When Travel Market Report Googled “Delta Air Lines,” Esky.com appeared on the second search page. The landing page from the link on the Google search page displayed the Delta logo. Scrolling down, the site listed historical information about the Atlanta-based carrier, including a description about when Delta was founded and where it flies.
“Favorable transport rules, a modern fleet and the possibility of efficient check-in via the Internet or a mobile application are factors that encourage passengers to use cheap flights with Delta Airlines,” the site describes.
Esky.com has had numerous complaints on Trip Advisor about their customer service. Other customers have written they were surprised to realize they were billed a $30 “service fee” for booking through the company.
“Please please do not book with this company,” wrote Dean H from the United Kingdom. “11 emails 5 phone calls at £1.50per min and still no reply just to try and get a bag booked on. Once they have your booking paid for they don't want to know or you will pay just to know that is if you can get some one (sic) to answer or reply to your emails. If you want to be stress free and be able to manage your trip then what ever you do, do not go near esky.”
Trip Advisor forum member odydegenova, from Toronto, Canada, used the website to book a flight with Allegiant Air and was concerned she didn’t have a reservation. After researching her reservation, she wrote, “In the end, all that was different was I was charged an extra $30 for their ‘service.’”
Carol G from Edinburgh advised another troubled Esky.com customer: “Tracey - your flights are likely fine if you can see them on the Easyjet site (you probably paid more than you needed to for their 'service') Your booking will be non-refundable so if you chose to cancel you are unlikely to get anything back as I assume the admin fees are likely to be more than the refundable taxes.”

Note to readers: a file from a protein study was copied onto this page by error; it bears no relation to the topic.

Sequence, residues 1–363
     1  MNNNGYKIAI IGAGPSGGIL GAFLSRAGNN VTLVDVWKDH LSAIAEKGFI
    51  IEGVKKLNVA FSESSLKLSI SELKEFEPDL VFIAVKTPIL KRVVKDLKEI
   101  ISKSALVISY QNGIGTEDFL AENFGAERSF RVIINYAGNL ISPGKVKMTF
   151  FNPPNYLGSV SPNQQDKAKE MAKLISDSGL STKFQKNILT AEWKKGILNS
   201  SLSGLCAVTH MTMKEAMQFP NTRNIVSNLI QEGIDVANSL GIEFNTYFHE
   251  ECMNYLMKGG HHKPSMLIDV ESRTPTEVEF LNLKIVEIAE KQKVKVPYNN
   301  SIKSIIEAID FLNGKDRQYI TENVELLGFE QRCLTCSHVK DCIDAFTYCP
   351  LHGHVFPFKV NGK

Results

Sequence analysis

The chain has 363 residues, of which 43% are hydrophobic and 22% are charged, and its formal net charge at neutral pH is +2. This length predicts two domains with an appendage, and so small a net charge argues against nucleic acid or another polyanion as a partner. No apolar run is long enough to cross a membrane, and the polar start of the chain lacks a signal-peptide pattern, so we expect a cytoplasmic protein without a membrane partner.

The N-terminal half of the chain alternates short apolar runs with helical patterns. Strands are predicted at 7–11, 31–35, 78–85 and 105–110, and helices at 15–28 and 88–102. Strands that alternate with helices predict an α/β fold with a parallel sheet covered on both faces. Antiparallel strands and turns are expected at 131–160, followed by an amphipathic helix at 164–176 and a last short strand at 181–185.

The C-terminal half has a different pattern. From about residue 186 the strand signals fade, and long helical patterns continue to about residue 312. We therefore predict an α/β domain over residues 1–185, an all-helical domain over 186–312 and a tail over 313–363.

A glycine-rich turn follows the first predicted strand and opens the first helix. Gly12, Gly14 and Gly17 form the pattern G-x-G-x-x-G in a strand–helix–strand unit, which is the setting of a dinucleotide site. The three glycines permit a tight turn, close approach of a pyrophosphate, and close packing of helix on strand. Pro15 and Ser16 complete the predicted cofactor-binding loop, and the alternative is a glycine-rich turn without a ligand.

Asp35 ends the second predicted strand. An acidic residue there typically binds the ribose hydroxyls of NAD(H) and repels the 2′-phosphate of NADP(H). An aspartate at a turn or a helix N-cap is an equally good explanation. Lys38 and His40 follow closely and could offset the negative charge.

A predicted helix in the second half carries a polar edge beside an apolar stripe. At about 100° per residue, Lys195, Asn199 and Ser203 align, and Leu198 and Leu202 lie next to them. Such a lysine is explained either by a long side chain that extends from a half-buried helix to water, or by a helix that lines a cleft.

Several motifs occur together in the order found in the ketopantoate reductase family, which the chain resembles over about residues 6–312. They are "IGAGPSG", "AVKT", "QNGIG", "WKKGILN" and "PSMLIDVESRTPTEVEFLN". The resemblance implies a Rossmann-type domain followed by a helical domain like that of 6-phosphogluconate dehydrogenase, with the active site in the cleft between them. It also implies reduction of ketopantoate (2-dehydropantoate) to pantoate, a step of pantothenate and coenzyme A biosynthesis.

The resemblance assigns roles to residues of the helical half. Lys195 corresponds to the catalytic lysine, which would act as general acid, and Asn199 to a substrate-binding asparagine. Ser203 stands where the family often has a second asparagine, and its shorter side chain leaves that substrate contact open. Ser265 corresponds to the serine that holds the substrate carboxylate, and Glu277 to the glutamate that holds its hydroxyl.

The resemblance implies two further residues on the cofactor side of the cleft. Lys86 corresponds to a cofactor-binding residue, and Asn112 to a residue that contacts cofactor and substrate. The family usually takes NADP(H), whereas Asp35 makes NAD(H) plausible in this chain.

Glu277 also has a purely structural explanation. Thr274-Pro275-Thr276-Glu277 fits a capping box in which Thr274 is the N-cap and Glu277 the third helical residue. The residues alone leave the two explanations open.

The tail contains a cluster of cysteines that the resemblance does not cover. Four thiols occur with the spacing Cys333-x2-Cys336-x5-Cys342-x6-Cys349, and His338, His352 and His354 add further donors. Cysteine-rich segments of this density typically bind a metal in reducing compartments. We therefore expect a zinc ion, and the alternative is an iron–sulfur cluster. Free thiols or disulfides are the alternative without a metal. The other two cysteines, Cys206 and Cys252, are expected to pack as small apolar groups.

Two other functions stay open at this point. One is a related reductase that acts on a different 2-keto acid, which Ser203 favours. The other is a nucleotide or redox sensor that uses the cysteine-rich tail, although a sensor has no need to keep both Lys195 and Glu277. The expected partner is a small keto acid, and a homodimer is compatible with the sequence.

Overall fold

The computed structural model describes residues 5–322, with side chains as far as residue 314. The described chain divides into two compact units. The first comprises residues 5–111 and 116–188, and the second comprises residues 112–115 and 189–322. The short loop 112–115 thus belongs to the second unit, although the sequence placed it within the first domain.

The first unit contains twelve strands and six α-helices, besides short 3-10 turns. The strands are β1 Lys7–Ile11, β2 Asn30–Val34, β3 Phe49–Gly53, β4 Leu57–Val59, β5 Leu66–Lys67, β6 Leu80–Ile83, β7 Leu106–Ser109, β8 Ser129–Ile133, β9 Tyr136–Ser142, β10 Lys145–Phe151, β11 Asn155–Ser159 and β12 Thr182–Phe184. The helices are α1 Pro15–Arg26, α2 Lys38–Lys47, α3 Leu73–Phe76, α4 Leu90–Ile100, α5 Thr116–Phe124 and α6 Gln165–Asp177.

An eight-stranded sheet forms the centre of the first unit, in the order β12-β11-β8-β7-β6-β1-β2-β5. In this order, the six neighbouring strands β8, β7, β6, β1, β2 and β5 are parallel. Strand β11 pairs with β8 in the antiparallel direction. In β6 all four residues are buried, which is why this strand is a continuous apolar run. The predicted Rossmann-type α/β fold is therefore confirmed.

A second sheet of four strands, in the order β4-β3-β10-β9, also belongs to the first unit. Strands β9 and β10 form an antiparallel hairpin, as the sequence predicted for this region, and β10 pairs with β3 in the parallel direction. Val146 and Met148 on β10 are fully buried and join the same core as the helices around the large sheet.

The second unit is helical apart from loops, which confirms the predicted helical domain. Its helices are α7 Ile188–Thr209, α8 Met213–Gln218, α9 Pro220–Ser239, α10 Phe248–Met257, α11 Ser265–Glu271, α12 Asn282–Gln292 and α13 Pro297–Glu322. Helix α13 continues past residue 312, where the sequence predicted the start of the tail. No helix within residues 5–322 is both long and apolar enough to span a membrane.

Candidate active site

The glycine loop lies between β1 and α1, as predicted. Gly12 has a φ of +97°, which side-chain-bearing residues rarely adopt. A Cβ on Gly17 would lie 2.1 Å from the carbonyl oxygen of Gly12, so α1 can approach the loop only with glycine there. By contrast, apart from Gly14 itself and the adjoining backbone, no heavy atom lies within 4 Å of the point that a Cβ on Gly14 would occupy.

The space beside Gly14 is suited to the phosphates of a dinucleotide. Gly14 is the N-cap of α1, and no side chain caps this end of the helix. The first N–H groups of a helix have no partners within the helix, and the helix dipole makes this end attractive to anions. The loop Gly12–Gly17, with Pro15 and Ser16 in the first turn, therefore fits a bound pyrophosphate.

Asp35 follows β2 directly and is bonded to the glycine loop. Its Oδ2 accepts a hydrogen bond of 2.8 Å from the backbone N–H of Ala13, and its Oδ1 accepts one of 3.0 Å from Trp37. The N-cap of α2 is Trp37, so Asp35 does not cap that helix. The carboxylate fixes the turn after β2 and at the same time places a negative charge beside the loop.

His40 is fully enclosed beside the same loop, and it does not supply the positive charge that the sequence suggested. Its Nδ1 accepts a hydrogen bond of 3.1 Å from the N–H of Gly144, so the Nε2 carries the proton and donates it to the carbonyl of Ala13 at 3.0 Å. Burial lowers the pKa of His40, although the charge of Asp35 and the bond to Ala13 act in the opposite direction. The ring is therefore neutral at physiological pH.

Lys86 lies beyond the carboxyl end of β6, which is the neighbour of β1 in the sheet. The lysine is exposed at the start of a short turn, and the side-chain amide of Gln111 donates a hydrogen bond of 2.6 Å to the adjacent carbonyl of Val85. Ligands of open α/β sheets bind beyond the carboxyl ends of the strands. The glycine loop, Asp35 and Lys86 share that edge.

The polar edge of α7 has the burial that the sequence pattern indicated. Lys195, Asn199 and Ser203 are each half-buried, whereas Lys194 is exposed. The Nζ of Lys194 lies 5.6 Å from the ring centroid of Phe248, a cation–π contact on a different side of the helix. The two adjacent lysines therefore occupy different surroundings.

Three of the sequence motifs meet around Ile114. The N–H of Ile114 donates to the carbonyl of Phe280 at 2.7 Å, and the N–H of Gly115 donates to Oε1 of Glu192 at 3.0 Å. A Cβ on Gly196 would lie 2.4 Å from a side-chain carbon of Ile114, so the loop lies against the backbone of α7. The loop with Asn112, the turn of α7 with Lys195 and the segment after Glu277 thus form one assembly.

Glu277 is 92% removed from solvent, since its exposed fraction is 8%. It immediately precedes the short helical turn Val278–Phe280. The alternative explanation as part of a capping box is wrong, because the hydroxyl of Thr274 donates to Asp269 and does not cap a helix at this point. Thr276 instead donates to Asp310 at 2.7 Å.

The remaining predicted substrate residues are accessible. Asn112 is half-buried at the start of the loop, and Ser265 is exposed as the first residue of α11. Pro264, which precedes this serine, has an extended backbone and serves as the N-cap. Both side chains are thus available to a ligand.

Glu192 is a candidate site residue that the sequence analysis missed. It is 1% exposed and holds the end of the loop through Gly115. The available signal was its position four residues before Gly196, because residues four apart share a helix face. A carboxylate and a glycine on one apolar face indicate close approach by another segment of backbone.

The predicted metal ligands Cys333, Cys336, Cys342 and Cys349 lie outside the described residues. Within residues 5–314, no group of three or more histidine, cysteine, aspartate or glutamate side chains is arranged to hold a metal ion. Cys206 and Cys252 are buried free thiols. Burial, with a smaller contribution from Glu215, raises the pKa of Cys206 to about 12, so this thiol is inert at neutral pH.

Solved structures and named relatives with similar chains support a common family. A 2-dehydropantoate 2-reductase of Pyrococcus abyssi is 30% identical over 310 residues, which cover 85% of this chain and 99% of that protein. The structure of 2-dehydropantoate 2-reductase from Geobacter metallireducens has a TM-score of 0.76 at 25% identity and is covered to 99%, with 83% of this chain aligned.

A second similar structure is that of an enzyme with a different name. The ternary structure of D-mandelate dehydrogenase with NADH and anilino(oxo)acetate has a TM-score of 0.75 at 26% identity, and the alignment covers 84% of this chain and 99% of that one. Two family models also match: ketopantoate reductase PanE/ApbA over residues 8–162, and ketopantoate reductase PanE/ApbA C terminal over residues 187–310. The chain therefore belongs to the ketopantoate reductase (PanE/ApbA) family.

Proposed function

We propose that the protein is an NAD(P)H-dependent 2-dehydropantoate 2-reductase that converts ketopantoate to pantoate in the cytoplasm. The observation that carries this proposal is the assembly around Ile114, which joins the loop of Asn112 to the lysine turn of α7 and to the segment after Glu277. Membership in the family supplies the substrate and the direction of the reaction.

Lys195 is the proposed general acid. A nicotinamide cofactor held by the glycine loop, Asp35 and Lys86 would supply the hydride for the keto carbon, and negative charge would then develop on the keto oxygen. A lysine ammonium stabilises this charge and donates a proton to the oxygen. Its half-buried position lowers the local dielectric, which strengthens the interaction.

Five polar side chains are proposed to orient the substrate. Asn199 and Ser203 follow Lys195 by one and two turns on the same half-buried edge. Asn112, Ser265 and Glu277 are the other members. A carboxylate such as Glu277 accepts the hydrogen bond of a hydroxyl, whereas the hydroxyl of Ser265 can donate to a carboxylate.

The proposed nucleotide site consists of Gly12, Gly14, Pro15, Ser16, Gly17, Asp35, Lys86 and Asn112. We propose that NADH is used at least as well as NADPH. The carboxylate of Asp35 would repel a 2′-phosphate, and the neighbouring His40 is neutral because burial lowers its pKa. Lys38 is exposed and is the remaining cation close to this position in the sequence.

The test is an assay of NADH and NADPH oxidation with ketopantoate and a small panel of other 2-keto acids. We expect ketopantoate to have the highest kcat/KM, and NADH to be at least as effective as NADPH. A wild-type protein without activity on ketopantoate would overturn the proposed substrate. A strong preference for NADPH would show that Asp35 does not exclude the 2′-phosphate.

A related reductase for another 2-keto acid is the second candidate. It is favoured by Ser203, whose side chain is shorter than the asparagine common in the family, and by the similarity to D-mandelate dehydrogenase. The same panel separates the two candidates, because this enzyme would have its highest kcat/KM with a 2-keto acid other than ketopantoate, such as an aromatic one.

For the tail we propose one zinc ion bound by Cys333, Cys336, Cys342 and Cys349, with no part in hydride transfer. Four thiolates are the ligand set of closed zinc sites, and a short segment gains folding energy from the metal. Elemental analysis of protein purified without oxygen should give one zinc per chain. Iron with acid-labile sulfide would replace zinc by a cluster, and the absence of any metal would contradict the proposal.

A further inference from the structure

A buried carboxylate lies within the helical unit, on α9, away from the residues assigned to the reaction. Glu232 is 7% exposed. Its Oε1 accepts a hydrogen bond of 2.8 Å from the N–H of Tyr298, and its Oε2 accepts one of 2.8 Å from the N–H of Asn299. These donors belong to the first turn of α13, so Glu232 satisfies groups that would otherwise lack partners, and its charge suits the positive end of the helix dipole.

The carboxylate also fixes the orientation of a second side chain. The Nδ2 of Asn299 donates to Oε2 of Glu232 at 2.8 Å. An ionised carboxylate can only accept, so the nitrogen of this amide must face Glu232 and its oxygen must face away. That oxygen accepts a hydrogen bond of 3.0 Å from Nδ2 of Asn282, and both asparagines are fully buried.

Travel Market Report this week researched booking a flight from Newark, New Jersey, to London Heathrow on the Esky.com website, departing on Aug. 13, and returning Aug. 19. The lowest fare the website returned would cost $933, for a 17-hour, 20-minute outbound trip on SAS, from Newark, to Cincinnati, to Stockholm, to Heathrow. The return flight on Lufthansa was 20 hours with a stop in Cincinnati.
Reading the details for the fare, Esky.com disclosed that the total payment was $1,182.30, including airfare of $788.17, “airport fees” of $358.40, and a service fee of $35.73. Meanwhile, Delta.com showed a direct flight for $1,900 (including taxes and fees) on their code share partner Virgin Atlantic Airways.
Last year, the actor James McAvoy was almost scammed out of nearly $13,000 booking a Ritz Carlton hotel while planning a family vacation to Spain. On Instagram, McAvoy described how realistic the website looked, but when someone tried to request a bank transfer from him via email, he realized he was being duped.
In an Instagram video, he showed a picture of the website. “Don’t use them. They nearly took 10 grand off of me, which is a ton of money. Some guy called Joaquin emailing me back and forth, [I] nearly made a bank transfer. Very convincing.”
He added: “Their website is actually better than the Ritz-Carlton’s website. It’s extremely convincing, replete with a phone number, stuff like that. Just very, very convincing.”